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Warnings from Madhya Pradesh

Air Cmde (Retd) Ramesh Phadke was Advisor, Research at Institute for Defence Studies and Anaysis, New Delhi. Click here for detailed profile
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  • September 04, 2009

    A few weeks ago Sunday Express reported that the Madhya Pradesh Hunger Index at 30.9 was worse than that of Ethiopia. Jharkhand and Chhattisgarh, its two neighbours, were only marginally better at 28.7 and 26.6 respectively. BBC had also brought out a similar report in October 2008. According to the report, the statistics came from the country’s Planning Commission and not from a local NGO and that the authorities were extremely alarmed. The state was ranked 11 in 1994 but has fallen to 17 in 2008. The annual plan document for 2009-10 is quoted as saying, “It clearly signifies that Madhya Pradesh has undergone deterioration in its position with respect to poverty alleviation.” Other indices/statistics are equally dismal. The percentage of under-weight children below the age of three had gone up from an already high level of 53.5 per cent in the National Family Health Survey (NFHS) 2, to 60.3 per cent in NFHS 3. Similarly, the number of anaemic children has jumped from an alarming 71.3 per cent to 82.6 per cent in the two surveys. The report further states, “the reason for poor human development indicators is probably the low per capita income of the state which has increased slightly from Rs. 12,384 in 1999-2000 to Rs. 14,346 in 2007-08, whereas the national average has almost doubled from Rs. 16,258 to Rs. 33,000. This is indeed shocking.

    These numbers make the oft- repeated claims of the state and central governments that India has embarked on inclusive growth completely hollow. Any wonder then that parts of the region is in the grip of Naxal/Maoist violence for many years. Indians often claim that due to a very high percentage of its population being below the age of 35, India, unlike China, will enjoy a demographic dividend for the next few decades. Unless India can ensure acceptable income and nutrition levels, how can it ever hope to educate and train the millions of young sickly people who will join the job market.

    In fact, a low per capita income and nutrition level will aggravate the situation as morbidity levels would go up requiring more money and family support to provide health care. At the same time this will adversely affect the efficiency and productivity of our young labour force further slowing down economic growth.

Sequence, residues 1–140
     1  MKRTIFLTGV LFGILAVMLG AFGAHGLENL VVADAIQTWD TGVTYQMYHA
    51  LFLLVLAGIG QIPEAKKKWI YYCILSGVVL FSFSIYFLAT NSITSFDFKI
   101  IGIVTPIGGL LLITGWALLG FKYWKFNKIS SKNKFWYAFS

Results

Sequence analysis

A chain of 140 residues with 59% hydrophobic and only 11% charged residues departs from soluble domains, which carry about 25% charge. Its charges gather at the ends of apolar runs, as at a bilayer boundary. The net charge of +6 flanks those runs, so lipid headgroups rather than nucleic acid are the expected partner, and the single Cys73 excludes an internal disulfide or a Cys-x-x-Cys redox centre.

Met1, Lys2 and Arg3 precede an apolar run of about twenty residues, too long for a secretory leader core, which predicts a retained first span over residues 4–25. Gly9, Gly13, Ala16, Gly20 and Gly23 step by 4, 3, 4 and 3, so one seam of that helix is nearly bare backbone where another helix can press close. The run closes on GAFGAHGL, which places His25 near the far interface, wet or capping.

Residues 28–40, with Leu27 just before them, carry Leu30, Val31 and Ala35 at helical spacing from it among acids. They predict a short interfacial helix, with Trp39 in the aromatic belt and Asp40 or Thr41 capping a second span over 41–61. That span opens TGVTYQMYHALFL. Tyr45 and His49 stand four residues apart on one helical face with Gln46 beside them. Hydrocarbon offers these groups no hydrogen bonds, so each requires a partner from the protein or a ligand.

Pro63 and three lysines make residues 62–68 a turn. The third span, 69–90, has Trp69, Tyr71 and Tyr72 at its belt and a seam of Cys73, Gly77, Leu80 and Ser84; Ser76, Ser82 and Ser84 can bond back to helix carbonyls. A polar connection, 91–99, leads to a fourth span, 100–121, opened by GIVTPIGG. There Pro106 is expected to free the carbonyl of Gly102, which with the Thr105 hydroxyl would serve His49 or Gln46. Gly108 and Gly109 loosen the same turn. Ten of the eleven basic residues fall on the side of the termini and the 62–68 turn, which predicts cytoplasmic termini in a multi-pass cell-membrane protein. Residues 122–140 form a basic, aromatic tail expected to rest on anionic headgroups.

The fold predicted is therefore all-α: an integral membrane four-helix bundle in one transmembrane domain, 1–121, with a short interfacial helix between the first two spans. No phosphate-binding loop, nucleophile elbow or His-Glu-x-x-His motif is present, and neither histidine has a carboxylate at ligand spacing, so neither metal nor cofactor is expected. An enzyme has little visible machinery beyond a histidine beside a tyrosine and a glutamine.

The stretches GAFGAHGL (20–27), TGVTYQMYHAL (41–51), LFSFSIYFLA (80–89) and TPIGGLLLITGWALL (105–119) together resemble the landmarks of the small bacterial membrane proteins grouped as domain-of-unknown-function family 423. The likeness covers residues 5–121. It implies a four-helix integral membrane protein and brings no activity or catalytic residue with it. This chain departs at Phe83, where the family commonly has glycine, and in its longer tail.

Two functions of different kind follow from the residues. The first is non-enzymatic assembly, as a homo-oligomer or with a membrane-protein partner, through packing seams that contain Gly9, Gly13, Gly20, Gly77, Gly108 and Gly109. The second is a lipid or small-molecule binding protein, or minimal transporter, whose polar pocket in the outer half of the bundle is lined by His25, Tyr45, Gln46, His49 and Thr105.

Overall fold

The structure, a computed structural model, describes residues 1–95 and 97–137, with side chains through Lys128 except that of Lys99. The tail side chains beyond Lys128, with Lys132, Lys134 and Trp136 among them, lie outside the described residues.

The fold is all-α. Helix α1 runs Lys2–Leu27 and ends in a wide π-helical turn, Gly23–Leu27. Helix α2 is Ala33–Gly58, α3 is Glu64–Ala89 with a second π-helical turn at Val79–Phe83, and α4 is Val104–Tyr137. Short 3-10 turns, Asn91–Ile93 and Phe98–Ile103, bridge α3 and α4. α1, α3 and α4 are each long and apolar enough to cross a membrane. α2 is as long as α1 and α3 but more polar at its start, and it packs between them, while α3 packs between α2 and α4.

Last year, around Independence Day, a reputed weekly had reported some hunger/starvation deaths from the nearby area of Bundel Khand. The government denied the report but it is evident that the state and central authorities are concerned. If this is the state of affairs in MP, a state in relatively close proximity to the national capital, what must be the condition of poor people in the outlying states of the North-East?

    Two major railway lines and at least three major highways joining various parts of the country pass through MP. Even a casual observer can easily notice the vast tracts of poor quality, degraded or waste lands on the side of the railway lines and roads. These open spaces are not only close to the railway lines or roads but are also in close proximity to some of the big towns/cities such as Bhopal, Vidisha, Bina and Hoshangabad and can be easily developed into Special Economic Zones (SEZ) to ensure rapid economic development of the state.

    Hardly any major industry or modern mega cities are seen. Bhopal, Indore, Gwalior and Jabalpur are perhaps the only cities worth the mention. Its people as seen on the roadside or at the numerous railway stations appear to be living in a time warp; with most poorly clad, undernourished and proceeding on some local pilgrimage or festival. They display an unusual sense of stoicism and could not care less about what happens in the rest of the country. While this is true of many other backward rural areas of the country, MP seems to be as bad if not worse.

    MP is reportedly surplus in power but has a serious water problem. A few years ago the National Remote Sensing Agency (NRSA) had reported that underground water levels in most parts of the state are dangerously low. Most of the rivers except perhaps the Narmada, Sone and Tapti are perennially short of water. Irrigation facilities are not well developed and hence agriculture is being severely affected further causing unemployment and destitution. It is imperative, therefore, to launch a national level project to address the serious problems of the state. Poverty and backwardness have the potential to endanger the security of the state and the country.

    Writing in Survival way back in 1992, Dr. John Chipman, the present Director General of IISS London had said that strategic studies must go well beyond what he called ‘nuclear accountancy’. That human security is a vital element of national security is axiomatic. Can India hope to become a developed country by 2020 when it has to carry the burden of millions of its people fighting poverty, malnutrition and disease? It is time our think tanks began looking at these issues more seriously.